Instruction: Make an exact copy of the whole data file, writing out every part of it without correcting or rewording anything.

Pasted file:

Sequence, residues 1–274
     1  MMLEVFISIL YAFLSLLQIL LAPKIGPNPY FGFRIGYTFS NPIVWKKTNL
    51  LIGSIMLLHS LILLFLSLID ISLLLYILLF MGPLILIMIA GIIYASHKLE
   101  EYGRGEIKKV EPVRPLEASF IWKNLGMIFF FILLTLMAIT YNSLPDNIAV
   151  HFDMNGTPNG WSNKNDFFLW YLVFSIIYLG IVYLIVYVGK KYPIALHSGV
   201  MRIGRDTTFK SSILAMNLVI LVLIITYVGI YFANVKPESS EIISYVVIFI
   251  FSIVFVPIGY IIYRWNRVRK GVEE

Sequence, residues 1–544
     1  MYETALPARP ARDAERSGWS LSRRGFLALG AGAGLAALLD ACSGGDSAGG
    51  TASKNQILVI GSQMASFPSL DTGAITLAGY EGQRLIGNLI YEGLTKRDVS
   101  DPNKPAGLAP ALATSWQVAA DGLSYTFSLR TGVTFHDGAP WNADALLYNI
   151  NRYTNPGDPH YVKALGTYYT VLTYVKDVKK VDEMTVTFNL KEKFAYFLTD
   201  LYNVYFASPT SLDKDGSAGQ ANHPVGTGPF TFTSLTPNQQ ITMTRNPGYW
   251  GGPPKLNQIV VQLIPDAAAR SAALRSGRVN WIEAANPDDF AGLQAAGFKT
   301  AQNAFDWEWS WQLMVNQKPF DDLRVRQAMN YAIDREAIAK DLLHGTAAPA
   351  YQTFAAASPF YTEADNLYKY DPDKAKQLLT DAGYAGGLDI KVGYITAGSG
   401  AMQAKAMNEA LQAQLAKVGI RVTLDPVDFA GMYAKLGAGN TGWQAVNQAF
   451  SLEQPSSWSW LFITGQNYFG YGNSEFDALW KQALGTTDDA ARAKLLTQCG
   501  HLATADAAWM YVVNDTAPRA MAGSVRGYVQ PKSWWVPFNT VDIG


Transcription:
Sequence, residues 1–274
     1  MMLEVFISIL YAFLSLLQIL LAPKIGPNPY FGFRIGYTFS NPIVWKKTNL
    51  LIGSIMLLHS LILLFLSLID ISLLLYILLF MGPLILIMIA GIIYASHKLE
   101  EYGRGEIKKV EPVRPLEASF IWKNLGMIFF FILLTLMAIT YNSLPDNIAV
   151  HFDMNGTPNG WSNKNDFFLW YLVFSIIYLG IVYLIVYVGK KYPIALHSGV
   201  MRIGRDTTFK SSILAMNLVI LVLIITYVGI YFANVKPESS EIISYVVIFI
   251  FSIVFVPIGY IIYRWNRVRK GVEE

Sequence, residues 1–544
     1  MYETALPARP ARDAERSGWS LSRRGFLALG AGAGLAALLD ACSGGDSAGG
    51  TASKNQILVI GSQMASFPSL DTGAITLAGY EGQRLIGNLI YEGLTKRDVS
   101  DPNKPAGLAP ALATSWQVAA DGLSYTFSLR TGVTFHDGAP WNADALLYNI
   151  NRYTNPGDPH YVKALGTYYT VLTYVKDVKK VDEMTVTFNL KEKFAYFLTD
   201  LYNVYFASPT SLDKDGSAGQ ANHPVGTGPF TFTSLTPNQQ ITMTRNPGYW
   251  GGPPKLNQIV VQLIPDAAAR SAALRSGRVN WIEAANPDDF AGLQAAGFKT
   301  AQNAFDWEWS WQLMVNQKPF DDLRVRQAMN YAIDREAIAK DLLHGTAAPA
   351  YQTFAAASPF YTEADNLYKY DPDKAKQLLT DAGYAGGLDI KVGYITAGSG
   401  AMQAKAMNEA LQAQLAKVGI RVTLDPVDFA GMYAKLGAGN TGWQAVNQAF
   451  SLEQPSSWSW LFITGQNYFG YGNSEFDALW KQALGTTDDA ARAKLLTQCG
   501  HLATADAAWM YVVNDTAPRA MAGSVRGYVQ PKSWWVPFNT VDIG